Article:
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Americans going deeper into credit card debt in 2014

Most of us know what we should do in terms of credit habits in order to get on track and out of debt. Unfortunately, knowing and doing don’t always match up. According to recent numbers from CardHub.com, Americans are paying down less in credit card debt than we did last year, and significantly less than we paid down five years ago, in the midst of the recession. In fact, it is projected that Americans will significantly add their credit burden this year.

Essentially, the evidence is showing that Americans have gotten over a temporary fear of credit caused by the recession. This has raised the concern among some that credit card debt may be a ticking time bomb in terms of default. There are problems with more than just credit card debt, though—student loan debt is a major concern as well. 

One of the issues we speak about frequently on this blog is the fact that credit is not necessarily something to be shunned, either before or after bankruptcy. Indeed, careful use of credit and credit cards can improve one’s credit score and help speed one’s credit recovery. Contrary to popular belief, one does not have to take on debt to use a credit card. In addition, cancelling credits cards does not necessarily improve one’s credit score, nor does applying for a credit card damage your credit score.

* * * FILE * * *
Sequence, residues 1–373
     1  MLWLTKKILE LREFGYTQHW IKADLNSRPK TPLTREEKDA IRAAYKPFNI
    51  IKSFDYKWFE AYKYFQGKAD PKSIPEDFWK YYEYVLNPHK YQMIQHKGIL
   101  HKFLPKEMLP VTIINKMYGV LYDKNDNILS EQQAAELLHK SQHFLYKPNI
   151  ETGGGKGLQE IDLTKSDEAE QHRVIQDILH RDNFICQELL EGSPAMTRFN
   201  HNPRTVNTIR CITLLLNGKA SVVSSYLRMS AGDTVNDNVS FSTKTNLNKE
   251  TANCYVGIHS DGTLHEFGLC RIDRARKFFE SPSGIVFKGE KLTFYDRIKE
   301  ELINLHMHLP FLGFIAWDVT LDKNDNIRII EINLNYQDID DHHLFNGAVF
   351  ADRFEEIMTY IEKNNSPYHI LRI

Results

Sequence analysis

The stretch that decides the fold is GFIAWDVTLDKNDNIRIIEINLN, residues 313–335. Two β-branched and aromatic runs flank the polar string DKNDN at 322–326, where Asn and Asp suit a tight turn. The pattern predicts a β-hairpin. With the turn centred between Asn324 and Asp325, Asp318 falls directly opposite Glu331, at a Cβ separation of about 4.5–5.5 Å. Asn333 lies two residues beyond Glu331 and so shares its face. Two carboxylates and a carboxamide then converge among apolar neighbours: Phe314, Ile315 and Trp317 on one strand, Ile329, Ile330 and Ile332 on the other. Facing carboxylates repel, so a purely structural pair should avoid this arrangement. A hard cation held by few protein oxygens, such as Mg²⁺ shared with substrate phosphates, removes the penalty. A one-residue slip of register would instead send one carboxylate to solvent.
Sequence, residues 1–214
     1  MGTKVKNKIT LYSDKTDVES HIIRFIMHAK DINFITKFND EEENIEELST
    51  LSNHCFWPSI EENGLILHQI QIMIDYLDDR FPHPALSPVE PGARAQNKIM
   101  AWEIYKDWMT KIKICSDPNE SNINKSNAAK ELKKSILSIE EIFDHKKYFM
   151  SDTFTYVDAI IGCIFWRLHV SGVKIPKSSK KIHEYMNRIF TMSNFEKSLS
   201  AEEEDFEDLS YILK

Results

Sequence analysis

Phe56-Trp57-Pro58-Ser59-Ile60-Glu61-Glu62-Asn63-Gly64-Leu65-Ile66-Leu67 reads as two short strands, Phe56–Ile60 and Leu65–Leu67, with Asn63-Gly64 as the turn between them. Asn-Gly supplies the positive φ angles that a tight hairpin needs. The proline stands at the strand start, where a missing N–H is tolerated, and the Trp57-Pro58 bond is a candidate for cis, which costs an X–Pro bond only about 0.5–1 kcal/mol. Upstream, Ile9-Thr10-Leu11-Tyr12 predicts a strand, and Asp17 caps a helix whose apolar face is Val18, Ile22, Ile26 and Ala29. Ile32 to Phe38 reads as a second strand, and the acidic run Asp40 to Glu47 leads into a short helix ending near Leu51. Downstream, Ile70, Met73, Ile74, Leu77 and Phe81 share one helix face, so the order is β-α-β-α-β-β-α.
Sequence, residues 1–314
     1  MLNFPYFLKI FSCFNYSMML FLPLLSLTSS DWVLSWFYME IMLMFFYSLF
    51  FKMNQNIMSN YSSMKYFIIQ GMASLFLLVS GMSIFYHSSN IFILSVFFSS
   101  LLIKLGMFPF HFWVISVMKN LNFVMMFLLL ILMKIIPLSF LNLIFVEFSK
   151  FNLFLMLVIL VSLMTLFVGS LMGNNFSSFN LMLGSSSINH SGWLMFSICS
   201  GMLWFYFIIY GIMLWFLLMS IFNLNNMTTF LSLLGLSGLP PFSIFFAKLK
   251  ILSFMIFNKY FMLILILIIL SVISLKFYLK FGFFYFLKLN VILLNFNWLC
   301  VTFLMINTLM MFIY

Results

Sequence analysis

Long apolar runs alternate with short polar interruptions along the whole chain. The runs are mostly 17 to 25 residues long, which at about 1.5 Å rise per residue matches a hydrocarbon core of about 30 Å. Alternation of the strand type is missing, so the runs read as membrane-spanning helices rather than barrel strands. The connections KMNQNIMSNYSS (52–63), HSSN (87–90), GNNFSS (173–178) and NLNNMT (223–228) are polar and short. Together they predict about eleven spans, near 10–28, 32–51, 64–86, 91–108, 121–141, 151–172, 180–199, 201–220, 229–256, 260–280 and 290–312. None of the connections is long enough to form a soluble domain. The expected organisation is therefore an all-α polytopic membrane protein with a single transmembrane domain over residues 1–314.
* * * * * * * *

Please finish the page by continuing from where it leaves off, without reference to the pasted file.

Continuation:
These things having been said, people can get into trouble quick with credit cards when they don’t keep up with payments and use them carelessly. In some cases, folks get so bad into credit card debt that bankruptcy may be the most sensible option. Bankruptcy should never be taken lightly, but well-situated debtors can benefit greatly from filing and quickly be on their way to recovery.

Source: TIME, “The Credit Card Bomb Just Waiting to Go Off,” Martha C. White, June 11, 2014.Fox Business, “5 Credit Card Myths Debunked,” June 26, 2014. 

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